The metrics of joy

When I was teaching in Russia, teaching materials were sparse.  People hoarded stuff, chalk was a precious commodity, books were an investment to be protected, photocopies came only with connections.  One could get stuff, but there wasn’t exactly this overflowing supply cabinet where you went to get what you needed.

I used anything I got my hands on.

One time, I somehow came across a chunk of many times mimeographed and then photocopied text.  The typeface now gloopy, the paper smudgy, the origin obscured entirely.  No date, no author.  It intrigued me at once.  The title was “A study in the measurement of happiness” or something to this effect.

And so it was, genuinely, some scientific study that had been done on a sample of random people that inquired to the most happiness they felt in their lives.

The results showed that the majority of people reported that the time when they were the most happy was when they were early in their marraige and had small children.

This absolutely intrigued me.  What was so special about that?  How could little kids make people report so much happiness?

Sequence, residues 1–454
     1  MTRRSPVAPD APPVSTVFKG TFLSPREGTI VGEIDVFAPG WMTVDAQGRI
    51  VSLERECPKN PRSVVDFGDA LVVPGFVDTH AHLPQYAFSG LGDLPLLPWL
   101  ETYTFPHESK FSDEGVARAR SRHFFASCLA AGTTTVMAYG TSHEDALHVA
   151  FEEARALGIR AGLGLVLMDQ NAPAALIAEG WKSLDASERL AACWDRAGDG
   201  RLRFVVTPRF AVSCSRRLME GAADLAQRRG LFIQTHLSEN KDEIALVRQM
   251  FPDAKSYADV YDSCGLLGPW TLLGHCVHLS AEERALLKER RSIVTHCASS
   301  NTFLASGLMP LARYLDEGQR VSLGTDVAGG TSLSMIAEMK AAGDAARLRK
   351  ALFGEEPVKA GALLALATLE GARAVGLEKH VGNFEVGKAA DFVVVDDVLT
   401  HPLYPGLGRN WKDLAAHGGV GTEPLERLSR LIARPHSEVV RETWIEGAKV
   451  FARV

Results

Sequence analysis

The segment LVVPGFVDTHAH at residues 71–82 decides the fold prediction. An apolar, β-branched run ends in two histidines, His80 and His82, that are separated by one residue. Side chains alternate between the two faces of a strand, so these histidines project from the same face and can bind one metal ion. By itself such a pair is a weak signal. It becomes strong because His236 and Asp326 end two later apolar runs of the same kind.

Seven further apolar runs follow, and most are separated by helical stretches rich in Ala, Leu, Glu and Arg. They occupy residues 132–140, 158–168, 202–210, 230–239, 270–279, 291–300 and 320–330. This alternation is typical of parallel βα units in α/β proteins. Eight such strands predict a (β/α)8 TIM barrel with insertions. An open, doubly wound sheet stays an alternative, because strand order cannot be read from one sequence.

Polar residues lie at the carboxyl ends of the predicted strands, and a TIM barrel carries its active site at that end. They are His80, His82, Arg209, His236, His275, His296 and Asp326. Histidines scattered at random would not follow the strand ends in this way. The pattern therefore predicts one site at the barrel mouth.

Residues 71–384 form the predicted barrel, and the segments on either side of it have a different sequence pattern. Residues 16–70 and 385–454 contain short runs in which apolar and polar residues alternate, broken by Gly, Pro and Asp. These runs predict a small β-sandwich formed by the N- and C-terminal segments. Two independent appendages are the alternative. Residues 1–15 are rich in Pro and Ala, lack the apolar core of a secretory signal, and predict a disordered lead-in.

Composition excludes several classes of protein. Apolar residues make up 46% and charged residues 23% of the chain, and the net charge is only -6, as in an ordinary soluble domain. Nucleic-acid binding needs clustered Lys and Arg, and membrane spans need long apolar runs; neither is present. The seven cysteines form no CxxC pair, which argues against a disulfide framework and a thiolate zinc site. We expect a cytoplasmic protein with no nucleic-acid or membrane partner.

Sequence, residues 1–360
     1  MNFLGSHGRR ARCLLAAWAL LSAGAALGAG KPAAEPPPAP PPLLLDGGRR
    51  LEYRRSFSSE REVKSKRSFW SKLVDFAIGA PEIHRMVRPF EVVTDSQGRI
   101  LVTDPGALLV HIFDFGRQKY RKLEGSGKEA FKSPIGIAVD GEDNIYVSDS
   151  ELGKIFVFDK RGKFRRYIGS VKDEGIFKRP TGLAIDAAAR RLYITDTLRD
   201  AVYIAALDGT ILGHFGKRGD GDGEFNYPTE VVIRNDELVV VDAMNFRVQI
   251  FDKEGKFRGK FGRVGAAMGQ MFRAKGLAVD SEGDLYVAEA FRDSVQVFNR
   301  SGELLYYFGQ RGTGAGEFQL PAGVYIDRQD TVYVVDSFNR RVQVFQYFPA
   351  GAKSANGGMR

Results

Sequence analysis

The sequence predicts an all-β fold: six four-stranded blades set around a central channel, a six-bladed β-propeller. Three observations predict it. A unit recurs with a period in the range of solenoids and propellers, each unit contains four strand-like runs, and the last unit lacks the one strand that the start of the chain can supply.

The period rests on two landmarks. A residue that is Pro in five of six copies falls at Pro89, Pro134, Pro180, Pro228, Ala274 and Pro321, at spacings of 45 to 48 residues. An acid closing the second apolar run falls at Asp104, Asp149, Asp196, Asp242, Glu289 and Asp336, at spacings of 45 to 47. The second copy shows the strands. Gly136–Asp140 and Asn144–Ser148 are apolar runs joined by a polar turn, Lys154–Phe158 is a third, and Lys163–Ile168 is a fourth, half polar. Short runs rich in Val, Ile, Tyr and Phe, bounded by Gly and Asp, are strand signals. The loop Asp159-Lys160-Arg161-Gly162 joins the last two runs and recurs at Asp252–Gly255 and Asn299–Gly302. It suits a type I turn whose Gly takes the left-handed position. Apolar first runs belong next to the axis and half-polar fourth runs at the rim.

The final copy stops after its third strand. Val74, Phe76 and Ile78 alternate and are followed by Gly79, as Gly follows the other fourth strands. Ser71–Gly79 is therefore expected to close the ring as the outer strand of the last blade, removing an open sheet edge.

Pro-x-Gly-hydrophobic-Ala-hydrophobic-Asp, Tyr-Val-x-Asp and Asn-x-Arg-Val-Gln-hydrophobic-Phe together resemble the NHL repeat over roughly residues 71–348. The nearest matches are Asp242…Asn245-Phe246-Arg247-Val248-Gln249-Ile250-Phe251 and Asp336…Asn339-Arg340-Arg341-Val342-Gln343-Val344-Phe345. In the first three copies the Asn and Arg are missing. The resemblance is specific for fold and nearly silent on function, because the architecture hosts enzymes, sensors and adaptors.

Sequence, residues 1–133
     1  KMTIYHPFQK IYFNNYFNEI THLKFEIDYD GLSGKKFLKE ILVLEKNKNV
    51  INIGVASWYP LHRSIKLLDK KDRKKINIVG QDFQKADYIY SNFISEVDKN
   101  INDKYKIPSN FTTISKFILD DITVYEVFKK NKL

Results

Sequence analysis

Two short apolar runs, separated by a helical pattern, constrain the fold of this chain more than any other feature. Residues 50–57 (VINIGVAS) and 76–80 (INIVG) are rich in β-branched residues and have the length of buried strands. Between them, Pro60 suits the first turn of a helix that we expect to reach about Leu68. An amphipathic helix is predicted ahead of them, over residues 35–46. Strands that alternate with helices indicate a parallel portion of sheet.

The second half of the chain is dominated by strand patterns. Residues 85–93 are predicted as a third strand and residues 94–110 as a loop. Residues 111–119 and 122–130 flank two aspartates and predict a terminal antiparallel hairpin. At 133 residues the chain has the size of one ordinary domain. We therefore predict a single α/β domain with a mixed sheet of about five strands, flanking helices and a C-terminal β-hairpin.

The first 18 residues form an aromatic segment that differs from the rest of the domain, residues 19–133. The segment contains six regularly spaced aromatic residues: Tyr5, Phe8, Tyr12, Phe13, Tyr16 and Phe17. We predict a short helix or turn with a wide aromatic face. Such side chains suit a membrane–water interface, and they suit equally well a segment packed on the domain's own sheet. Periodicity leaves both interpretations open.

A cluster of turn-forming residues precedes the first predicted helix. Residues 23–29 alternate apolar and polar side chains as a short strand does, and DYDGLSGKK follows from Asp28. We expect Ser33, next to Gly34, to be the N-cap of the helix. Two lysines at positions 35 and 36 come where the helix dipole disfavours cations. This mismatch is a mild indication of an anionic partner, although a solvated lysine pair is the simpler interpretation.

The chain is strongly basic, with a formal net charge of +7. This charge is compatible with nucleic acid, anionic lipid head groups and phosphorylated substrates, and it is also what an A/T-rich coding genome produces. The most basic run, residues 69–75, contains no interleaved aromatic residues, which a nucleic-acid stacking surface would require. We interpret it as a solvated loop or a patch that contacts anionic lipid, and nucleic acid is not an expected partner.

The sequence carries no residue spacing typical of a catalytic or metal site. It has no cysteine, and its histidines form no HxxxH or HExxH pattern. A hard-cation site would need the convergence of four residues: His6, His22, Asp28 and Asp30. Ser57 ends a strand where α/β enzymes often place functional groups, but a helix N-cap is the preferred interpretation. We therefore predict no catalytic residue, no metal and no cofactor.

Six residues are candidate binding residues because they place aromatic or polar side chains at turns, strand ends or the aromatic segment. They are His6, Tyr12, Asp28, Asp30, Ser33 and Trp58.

Remember, I was all of 25/26 years old, single and no kids.

I used the text to teach because the findings of peoples happiness baffled me.  Why wouldn’t it be a vacation memory?  Or a traveling experience? Or a time when one was single, and so free?  What was so flippin special about being married and having young kids?

Well, I just went into my daughters room.  She is 3 and a half and sleeping down for the night.  Before that J and I watched an utterly worthless and forgettable movie while coaxing our newborn into a sleepy state.  I don’t think I have ever seen J so taken with another sentient being as he is with our new little Sylvie.

And watching that, and seeing AJ dozing sprawled out all over as she is, having watched her grow for the past 3 years…even with all the traveling I did in my 20s, would have to agree with that piece of text I used to teach English that reported that young kids is a good time.

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